Meanwhile, some plays featured “awful” on-ball defense, in the words of Kerr. Durant just lets Ariza get past him in the clip below, and Ariza makes a great pass to the corner. The Warriors will continue to dare Ariza to make this exact play and have faith it will work out on their end over the long run. (It will.)


“So it wasn’t so much game-planning, though there are some things we will tweak,” Kerr said. “But mostly the team that brings the force, the energy and the desperation has the advantage. I thought we had that in Game 1, and they had that in Game 2.”

What’s interesting about the Warriors’ isolation-heavy approach built around Durant is that it’s so far away from what they do well. Yes, they took Game 1, stole home court and are two Oracle defensive performances away from taking a commanding 3-1 series lead. (Jokes aside, the Warriors have now been up 3-1 three times — vs. the Cavs in the Finals and twice in these playoffs — since their epic collapse in 2016 and have not blown the lead.) But the Warriors’ best version of themselves whips the ball around with dizzying speed. It’s Curry pull-ups from deep in transition, and rapid-fire movement to create Klay Thompson shots off screens. It’s slip screens to the rim for cuts from the pinch post.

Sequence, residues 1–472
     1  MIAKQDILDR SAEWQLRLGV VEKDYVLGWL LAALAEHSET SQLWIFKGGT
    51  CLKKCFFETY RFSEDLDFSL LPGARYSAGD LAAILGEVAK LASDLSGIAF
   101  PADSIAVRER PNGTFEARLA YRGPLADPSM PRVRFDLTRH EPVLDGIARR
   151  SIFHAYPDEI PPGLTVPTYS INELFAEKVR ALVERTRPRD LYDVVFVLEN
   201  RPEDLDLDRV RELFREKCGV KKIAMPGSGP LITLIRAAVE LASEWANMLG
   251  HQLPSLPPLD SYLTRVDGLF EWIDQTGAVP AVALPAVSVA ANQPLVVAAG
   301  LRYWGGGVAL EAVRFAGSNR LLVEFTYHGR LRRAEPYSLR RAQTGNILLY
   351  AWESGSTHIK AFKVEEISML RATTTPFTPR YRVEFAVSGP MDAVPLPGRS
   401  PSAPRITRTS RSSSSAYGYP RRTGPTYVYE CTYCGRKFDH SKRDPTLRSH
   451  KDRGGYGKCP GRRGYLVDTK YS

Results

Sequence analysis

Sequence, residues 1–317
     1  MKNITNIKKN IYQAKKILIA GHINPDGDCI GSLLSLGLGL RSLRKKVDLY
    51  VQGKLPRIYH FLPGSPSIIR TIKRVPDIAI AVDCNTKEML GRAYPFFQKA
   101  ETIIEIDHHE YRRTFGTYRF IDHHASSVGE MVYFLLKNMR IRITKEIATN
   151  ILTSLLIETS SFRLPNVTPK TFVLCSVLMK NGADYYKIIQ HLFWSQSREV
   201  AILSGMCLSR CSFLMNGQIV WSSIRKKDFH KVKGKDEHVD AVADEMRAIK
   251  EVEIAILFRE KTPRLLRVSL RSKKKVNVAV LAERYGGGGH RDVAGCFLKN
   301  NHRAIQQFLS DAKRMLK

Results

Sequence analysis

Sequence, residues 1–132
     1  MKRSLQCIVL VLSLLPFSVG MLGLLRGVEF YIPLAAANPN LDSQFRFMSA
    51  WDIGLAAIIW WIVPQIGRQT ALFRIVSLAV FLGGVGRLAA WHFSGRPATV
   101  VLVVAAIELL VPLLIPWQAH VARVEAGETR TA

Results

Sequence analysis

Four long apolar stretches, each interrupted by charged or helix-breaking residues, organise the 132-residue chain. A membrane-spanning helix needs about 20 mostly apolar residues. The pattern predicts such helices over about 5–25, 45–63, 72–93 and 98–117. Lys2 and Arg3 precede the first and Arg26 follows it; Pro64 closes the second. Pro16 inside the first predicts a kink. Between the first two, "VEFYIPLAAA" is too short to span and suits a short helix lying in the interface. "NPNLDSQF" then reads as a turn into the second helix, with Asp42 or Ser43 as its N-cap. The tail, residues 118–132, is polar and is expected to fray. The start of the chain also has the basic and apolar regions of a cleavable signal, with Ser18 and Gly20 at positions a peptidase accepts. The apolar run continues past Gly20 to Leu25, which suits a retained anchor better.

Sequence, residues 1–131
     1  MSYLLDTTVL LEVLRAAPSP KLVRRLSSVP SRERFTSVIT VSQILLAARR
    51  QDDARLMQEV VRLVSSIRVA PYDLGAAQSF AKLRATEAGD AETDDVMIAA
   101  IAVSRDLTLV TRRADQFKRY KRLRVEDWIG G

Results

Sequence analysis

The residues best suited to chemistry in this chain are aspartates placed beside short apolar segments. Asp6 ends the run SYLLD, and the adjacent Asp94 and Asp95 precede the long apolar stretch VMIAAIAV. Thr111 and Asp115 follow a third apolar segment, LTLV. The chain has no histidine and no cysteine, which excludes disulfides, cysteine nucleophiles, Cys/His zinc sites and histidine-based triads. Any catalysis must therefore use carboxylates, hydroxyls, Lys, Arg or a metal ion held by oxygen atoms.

What it is not, is this:


No movement. No flow. No chaos. No energy.

The Rockets switch everything, which means they’re daring Durant to beat their mismatches one on one in iso, the same way the Rockets are trying to beat the Warriors with isolation.